192

Activity 3

Definition of a Line Segment

ABCD

ADis a line segment. The points A, B, C, and Dare on line segment AD. In

notation, we write or simply AD. We can also name it as or DA.

E

FH is a segment. The points F, G, and H are on line segment FH. The points

E, I, and J are not on line segmentFH. In notation, we write . We can also

name it as or HF.

A

B C D E

F G H

K L M N O

P Q

R S

T U

V

The points E,F,G, and J are on line segment EQ or segment QE.

The points C,D,T, and U are not on line segment EQ.

Answer the following:

1. Name other points which are on line segment EQ. ________________

2. Name other points which are not on line segment EQ.

________________

Complete the following statements:

3. A line segment is part of a line that has __________.

4. Line segmentEQconsists of the points ____________________.

The line segment. A line segment is part of a line that has two endpoints. We

define a line segment as a subset of line consisting of the points A and B

and all the points between them. If the line to which a line segment belongs is

given a scale so that it turns into the real line, then the length of the segment can

be determined by getting the distance between its endpoints.

Activity 4

Congruent Segments

193

A

C D

4

F G

9 10 11

a) AB = _______

b) DE = _______

c) BD= _______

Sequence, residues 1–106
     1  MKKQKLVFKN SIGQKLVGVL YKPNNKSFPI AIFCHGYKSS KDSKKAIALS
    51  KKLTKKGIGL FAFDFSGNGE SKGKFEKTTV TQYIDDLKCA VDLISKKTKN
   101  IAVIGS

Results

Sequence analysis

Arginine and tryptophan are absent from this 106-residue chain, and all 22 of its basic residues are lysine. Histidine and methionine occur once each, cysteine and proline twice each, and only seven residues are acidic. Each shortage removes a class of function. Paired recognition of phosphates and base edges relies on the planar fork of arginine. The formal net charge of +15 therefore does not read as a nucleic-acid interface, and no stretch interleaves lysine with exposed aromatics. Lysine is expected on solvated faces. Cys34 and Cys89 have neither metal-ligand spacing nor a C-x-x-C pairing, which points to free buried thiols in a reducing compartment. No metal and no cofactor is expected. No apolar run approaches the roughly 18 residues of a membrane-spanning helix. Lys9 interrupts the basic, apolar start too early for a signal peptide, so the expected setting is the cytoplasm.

d) DF = _______

e) AC= _________

f) DG = _________

g) BE = _________

h) CG = _________

DG, BEand CG.

3. The following pairs of segments are not congruent: AB and CF; BD

and AE; AC and BF; BG and AD.

4. Using the figure below, which segments are congruent?

J

10

K L

-7 -6 -5 -4 -3 -2 -1

N

0

O

2

P Q

4

__________________.

Remember:

Segments are congruent if they have the same length.

Activity 5

Definition of a Ray

A

C

194

R

8

In symbol, we write .

The points A, B, C are on ray AC.

X

In symbol, we write . We do NOT write it as .

The points X, Y, Z are on ray ZY.

D

The points D, E, F, G are on ray DE.

Q

The points Q, R, S, T are on ray TS.

H

1. How else can you name this ray? _________

2. What are the points on ray ML? ________________

N

The points N, O, P are not on ray QR.

195

A

J

4. What are the points on ray DE? _______________

5. What are the points not on ray DE? ____________

5. How else can you name ray DE? _________________

M

8. What are the points on ray PQ?

9. What are the points on ray XU?

10. What are the points on ray SP?

In general, how do you describe the points on any ray AC?

_________________________________________

The ray.A ray is also a part of a line but has only one endpoint, and extends

endlessly in one direction. We name a ray by its endpoint and one of its points.

We always start on the endpoint. The figure is ray AB or we can also name it as

ray AC. It is not correct to name it as ray BA or ray CA. In notation, we write AB

or AC .

A

However, referring to another ray BC , the point A is not on ray BC .

Remember:

Ray

is a subset of the line AB. The points of

are the points on

196

segment AB and all the points X such that B is between A and X.

We say:

AB is parallel to CD

is parallel to CD

is parallel to

is parallel to CD

if the lines

and

are parallel.

Since the lines, segments and rays are all sets of points, we can

perform set operations on these sets.

Activity 6

The Union/Intersection of Segments and Rays

Use the figure below to determine the part of the line being described